Using password managers like Dashlane or LastPass is probably one of the best ways to stay safe on the Internet (because you really don’t want to recycle your passwords), but when your password manager itself is only protected by a basic password, you set yourself up for problems.
With this, Dashlane joins companies like Google, Dropbox and GitHub in supporting YubiKeys for their consumer-facing applications.
It’s worth noting that Dashlane competitor LastPass also supports YubiKeys, but you have to be a paying user to be able to use this feature, and LastPass uses the older OTP protocol. Dashlane, on the other hand, uses the more modern Universal 2nd Factor (U2F) authentication protocol.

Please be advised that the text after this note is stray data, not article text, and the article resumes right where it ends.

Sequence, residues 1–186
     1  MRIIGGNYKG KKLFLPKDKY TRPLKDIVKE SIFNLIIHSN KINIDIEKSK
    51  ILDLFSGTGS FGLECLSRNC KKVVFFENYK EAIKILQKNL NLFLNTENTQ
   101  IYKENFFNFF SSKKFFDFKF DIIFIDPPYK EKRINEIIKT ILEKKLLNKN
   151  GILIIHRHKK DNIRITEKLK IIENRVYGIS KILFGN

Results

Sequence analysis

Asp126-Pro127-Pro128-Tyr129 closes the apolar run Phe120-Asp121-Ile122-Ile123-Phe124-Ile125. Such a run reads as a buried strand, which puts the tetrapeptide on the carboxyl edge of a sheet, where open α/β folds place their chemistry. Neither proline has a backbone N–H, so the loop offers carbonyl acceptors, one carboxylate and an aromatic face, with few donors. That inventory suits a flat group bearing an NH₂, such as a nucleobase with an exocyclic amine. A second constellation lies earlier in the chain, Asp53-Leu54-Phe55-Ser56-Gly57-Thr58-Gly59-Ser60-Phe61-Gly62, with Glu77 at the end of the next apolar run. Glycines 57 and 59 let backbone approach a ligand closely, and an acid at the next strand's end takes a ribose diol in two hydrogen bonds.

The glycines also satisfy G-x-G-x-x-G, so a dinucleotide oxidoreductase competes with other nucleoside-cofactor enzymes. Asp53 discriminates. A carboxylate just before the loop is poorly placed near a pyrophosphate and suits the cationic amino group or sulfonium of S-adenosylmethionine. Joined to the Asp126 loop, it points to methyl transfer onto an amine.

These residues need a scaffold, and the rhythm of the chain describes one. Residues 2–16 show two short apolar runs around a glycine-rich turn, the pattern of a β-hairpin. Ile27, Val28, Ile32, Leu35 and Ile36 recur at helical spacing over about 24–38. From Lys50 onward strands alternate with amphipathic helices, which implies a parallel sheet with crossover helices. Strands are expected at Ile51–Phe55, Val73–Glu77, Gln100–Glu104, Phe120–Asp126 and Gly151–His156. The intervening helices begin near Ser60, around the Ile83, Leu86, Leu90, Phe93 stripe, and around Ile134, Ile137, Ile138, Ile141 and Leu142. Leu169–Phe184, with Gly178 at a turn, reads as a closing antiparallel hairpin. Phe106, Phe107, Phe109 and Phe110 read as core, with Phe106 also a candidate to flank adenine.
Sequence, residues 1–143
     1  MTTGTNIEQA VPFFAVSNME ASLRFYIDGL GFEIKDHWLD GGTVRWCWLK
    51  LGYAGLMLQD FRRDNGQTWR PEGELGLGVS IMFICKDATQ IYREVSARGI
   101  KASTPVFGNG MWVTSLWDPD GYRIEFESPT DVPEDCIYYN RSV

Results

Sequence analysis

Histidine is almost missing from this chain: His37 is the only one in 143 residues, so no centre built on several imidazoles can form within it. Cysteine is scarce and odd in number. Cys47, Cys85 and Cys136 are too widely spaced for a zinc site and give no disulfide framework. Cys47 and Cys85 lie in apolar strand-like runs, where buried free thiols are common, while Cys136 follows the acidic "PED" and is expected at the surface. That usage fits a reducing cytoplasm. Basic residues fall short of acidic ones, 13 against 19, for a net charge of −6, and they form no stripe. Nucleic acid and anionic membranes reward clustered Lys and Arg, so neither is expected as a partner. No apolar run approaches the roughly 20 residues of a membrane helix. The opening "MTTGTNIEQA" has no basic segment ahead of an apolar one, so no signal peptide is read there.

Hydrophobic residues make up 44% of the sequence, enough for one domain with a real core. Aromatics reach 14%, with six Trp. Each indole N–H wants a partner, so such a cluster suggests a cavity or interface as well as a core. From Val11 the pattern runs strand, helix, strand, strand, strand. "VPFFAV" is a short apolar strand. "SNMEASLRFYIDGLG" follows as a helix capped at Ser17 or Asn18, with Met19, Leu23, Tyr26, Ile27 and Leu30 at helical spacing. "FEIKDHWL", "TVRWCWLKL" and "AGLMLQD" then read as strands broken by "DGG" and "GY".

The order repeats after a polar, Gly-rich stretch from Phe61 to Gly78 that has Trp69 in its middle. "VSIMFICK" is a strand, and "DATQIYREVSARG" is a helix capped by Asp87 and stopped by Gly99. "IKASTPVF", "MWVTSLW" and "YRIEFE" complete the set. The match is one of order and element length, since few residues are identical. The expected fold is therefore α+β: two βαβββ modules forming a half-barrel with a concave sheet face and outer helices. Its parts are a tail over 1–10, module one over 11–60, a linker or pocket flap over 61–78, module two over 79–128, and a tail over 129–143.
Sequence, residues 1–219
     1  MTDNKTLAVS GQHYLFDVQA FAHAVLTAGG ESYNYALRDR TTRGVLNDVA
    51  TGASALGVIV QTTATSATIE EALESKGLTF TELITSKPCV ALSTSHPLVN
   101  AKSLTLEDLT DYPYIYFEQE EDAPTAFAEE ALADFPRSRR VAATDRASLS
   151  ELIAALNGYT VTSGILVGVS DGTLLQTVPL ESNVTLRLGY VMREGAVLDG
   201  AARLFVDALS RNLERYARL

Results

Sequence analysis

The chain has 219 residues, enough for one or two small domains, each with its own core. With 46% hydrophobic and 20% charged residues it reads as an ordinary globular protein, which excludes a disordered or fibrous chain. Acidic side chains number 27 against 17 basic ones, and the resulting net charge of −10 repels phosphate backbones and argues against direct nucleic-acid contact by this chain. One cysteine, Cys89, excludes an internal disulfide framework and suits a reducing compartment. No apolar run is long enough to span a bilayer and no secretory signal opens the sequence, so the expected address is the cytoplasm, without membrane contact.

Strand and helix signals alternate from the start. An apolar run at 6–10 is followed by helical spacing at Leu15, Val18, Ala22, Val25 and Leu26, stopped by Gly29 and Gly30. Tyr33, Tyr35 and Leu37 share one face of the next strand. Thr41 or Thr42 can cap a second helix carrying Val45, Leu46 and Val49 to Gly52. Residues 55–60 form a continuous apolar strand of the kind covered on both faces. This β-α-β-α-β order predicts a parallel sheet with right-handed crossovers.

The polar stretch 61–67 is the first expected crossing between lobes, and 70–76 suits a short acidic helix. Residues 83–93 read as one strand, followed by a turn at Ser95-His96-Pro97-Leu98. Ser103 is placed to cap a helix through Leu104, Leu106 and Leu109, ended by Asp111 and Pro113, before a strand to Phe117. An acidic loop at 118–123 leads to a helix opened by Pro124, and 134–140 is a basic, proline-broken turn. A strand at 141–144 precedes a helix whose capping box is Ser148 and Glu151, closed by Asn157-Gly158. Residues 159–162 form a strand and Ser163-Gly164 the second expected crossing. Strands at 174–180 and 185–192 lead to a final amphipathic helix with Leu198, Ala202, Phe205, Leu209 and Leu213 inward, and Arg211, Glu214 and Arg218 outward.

Using a YubiKey with Dashlane is very similar to using it with any other service. To get started, you simply walk through the setup process until you’re asked to plug in your key and set it up. Then, whenever you need to log into the service in the future, you simply enter your password, plug in your YubiKey when prompted, tap it and you’re good to go.
Update: Dashlane mistakenly told us that YubiKey support would be available for both free and paying customers. It’s only available to paying users, however. We’ve updated this post to reflect this.